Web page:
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Relief from the Arch of Titus, showing The Spoils of Jerusalem being brought into Rome

Video transcript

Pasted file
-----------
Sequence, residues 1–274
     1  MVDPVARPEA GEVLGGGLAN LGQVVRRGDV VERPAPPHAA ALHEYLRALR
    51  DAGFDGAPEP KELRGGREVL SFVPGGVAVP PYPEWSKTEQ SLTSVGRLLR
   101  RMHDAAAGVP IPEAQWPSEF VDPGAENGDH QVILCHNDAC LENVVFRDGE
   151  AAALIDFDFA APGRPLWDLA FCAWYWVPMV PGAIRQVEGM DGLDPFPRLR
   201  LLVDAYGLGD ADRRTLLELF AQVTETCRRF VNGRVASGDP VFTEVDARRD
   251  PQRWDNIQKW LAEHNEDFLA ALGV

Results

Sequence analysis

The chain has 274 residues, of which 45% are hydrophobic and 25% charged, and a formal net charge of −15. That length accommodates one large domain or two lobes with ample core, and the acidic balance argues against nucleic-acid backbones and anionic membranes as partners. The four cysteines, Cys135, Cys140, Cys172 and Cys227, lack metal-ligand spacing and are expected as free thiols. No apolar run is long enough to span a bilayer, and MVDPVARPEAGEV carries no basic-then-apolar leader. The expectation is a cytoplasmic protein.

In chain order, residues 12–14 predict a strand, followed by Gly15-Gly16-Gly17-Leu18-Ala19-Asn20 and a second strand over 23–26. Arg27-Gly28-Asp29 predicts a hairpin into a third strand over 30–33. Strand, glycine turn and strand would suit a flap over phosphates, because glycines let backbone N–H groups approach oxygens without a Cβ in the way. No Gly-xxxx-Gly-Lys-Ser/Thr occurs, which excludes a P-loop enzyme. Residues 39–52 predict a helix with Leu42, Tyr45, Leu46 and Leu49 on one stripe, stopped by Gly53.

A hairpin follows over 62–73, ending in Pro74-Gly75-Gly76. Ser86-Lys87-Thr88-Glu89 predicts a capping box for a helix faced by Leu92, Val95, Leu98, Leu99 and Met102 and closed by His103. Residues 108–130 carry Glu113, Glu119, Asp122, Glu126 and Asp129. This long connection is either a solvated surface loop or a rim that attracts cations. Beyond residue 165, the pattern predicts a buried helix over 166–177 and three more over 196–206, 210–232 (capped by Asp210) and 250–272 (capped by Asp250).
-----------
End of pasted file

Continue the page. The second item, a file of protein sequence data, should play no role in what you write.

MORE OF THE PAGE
(gentle piano music) - [Voiceover] We're looking at the bas-reliefs of the Arch of Titus, the most famous of which show the spoils of Jerusalem being brought into Rome in the great triumphal parade honoring the general, soon to be, emperor, Titus, at his great victory at destroying Jerusalem. - [Voiceover] A triumphal arch is something through which the emperor would enter with booty, with lots of attendants and soldiers and prisoners of war. I mean, this was a big moment of celebrating victory in Rome. - [Voiceover] At the end of which the general of the losing army would be ceremonially murdered. - [Voiceover] Did that happen at this? - [Voiceover] Yes, a guy named Simon, son of Giora, who was one of the rebels of Jerusalem, was killed at the end. - [Voiceover] In art history, when we look at the Arch of Titus relief, we sometimes miss the violence, and we tend to talk about it informally because, in so many ways, it exemplifies ancient Roman art. The figures are naturalistic. There is even an illusion of space as these soldiers carry the booty, from the temple in Jerusalem, through a gate of the city. - [Voiceover] Well, we're very fortunate that the Jewish War had its historian, Joseph, son of Mattathias, in Hebrew, Flavius Josephus, in Latin. He was a Judean general who switched sides in the middle of the war, and was supported by the emperor's family to write the history to convince Jews to not be part of this war and to convince Romans that only a small part of the Jewish people were revolting against Rome, and so Josephus is standing at the moment of this triumphal parade, watching it with ultimate perplexity, I think, not knowing which side he was on, and so what we see here is the unique situation where a Roman triumphal parade is responded to by someone who understands the triumph and suffers the triumph at the same time. - [Voiceover] Mmm, Josephus. - [Voiceover] Josephus. - [Voiceover] The Roman Empire is growing in the first century, and the Romans are moving into what we would call the Middle East and the province of Judea. Judea becomes absorbed into the Roman Empire. - [Voiceover] Judea, it has polytheists and has Samaritans, people whose holy mountain is in what's now Nablus, and lots and lots of Jews, and the Jews and the Samaritans are not so happy about these pagans coming into their country and taking over their holy land, and the complexities of interaction boiled in such complex ways, and so we're watching a culture figuring out what it means to work with this very peculiar group, with its one temple for the one god. - [Voiceover] And that one temple is in Jerusalem. - [Voiceover] In Jerusalem. - [Voiceover] In that temple are holy objects. - [Voiceover] Where most peoples would have a different temple in each city, so there'd be a temple for my god here, and I'd go to another city, there'd be another god. Jews only had one, and so they had special rights, for example, in the Roman Empire, to send back their donations, from wherever they lived, to Jerusalem where other people weren't allowed to send money across international lines. The Romans worked to find a way to take these people, who had the potential of being good subjects, but had certain odd needs. They had their temple, and they insisted upon circumcising their children, and they had food laws, and they had a thing called a Sabbath, and all of these were very weird to Romans in different ways. They weren't all unique to Jews so, for example, Egyptians would circumcise as well, but many of them were strange, and Judeans were so apparent because they had a religion of books and people could read them, and so the complex problem led, for example, to the building of the temple in Jerusalem that, by all intents and purposes, looks like a Roman temple of the age of Augustus, but has something odd about it, and that is it has no statues, no images of deities, which Romans would say, "Oh, that's a Roman temple without the fun stuff, "without the things that are meaningful," and Jews would say, "This is the Jerusalem temple, no images here." - [Voiceover] But there were things in the temple. There were holy objects, and that's what we see here, being carried into Rome as spoils, in the Arch of Titus. So we have the menorah, a very important symbol in Jewish history, especially in the Roman period, but we see other holy objects that were in the temple, like the shew table. - [Voiceover] Table for the shewbread, or the table for the bread of the face of God, this bread that the Pentateuch, that the Torah says should be set before God and 12 breads placed upon it, and continued to be used, not the same table but replacement tables, until we come to the one that's illustrated on the arch, which is a typical Roman table. Where non-Jews would have put the images of their divinities, Jews put their holy objects that served the divinity, but, when the Romans came and took Judea, the last of the Jewish kings, a fellow named Mattathias Antigonus, minted a coin and on one side there was a menorah, on the other side was the table. - [Voiceover] After a long and terrible war, with the Jews fighting against Roman occupation, we have the most holy objects, taken from the most holy places, shown as pure booty. - [Voiceover] The cool thing is that you could leave the Arch of Titus, walk under it, go a hundred or so yards, and enter into a temple built by the emperor Vespasian, Titus' father, where the greatest art of the age had been collected in a way to claim the greatness of Rome and of Vespasian and, on one of the pedestals, see the self same lamp-stand and the same table and the same horns, and so it was possible to go back and forth between the real objects described in Josephus' text and shown in the arch, and then, into this ancient museum, but not a museum like our museums. A museum of war booty and of trophies collected by a man who was about to become a god himself, so it's a deeply meaningful procession for Romans but, for Jews, it must have been ghastly. (gentle piano music)